Using census reports

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PART 7 Using census reports

7.1 Comparability

Comparability between successive censuses is clearly desirable. Nevertheżless, comparability presents dilemmas. In the first place, no census is perfect and to correct the mistakes of one census at the next produces an improvement but also produces a loss of comparability. Where the improvement made is great then the loss of comparability is a price worth paying: where the improvement is small then the balance between gain and loss becomes much finer.

Then there are of course fundamental causes of lack of comparability over the whole period of census taking due to changes in the form in which information has been obtained and from whom; changes in definition; changes in classification, particularly in the case of occupations; and the introduction of new topics.

Another major reason for lack of comparability is the continuous process of movement which can take one of two forms. Either there has been a change in the boundary of an area so that while the people themselves may not have moved or changed their characteristics the land area is smaller or greater than before; or there has been a growth of urbanised area. As a town grows it spreads beyond the boundary of the administrative area and while the figures from successive censuses in the instance still relate to the same area on the ground they also refer to a falling proportion of the population of the town; such figures will not be comparable and will become steadily divorced from reality.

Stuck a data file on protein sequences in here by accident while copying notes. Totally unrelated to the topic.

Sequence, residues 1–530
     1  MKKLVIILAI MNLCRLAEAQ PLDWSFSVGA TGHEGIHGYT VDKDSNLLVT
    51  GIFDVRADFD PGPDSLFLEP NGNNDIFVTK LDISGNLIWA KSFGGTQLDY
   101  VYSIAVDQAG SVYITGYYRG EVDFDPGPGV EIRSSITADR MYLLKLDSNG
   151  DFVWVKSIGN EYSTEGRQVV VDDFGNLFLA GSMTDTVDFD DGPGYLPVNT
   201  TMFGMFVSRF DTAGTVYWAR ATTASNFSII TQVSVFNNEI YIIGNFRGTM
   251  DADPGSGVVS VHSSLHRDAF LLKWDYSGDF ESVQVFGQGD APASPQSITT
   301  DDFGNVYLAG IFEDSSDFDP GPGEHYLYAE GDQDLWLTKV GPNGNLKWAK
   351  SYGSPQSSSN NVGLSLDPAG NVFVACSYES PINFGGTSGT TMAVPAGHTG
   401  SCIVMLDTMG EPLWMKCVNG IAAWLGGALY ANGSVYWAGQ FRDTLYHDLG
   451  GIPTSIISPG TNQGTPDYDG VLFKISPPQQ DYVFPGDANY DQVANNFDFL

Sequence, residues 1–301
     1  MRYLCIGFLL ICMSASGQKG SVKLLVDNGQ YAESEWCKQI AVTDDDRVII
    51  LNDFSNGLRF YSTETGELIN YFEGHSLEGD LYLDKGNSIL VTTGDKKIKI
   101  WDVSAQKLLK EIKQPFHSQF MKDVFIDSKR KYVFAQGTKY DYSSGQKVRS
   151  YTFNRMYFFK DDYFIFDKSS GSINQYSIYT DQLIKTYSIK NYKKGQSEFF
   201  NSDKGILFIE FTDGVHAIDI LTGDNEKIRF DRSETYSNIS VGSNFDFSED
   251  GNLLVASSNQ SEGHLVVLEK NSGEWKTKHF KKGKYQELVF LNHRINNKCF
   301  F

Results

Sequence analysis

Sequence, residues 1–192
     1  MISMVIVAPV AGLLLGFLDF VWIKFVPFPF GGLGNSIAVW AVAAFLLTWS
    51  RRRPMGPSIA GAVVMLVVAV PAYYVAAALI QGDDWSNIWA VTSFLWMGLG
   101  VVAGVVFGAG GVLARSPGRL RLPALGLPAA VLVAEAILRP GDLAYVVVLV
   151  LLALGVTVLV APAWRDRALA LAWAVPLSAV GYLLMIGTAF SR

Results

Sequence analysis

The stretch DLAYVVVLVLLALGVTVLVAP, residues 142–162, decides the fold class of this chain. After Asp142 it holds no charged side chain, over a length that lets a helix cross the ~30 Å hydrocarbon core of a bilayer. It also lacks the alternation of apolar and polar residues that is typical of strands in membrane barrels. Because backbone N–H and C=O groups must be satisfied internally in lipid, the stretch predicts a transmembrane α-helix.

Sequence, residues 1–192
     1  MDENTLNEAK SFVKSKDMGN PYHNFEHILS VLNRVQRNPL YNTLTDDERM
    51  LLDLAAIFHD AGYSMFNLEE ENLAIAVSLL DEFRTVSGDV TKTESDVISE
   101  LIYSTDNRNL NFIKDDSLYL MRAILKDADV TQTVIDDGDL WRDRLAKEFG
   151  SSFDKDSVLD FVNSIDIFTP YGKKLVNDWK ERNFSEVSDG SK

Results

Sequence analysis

Finally, changes in the response to questions and hence comparability between figures produced can be influenced by the wording or arrangement of questions which are otherwise identical. Changes can be made between censuses in the design of the census schedule which aim at making it easier to complete. To the extent that such an aim is fulfulled, census statistics will become less comparable. However, such changes can be difficult to predict. The census schedule is completed by millions of individuals whose reactions vary. In the design of questions, certain features must be picked out for emphasis. To the extent that the selection of emphasised points changes between censuses, the response to the question is likely to be altered.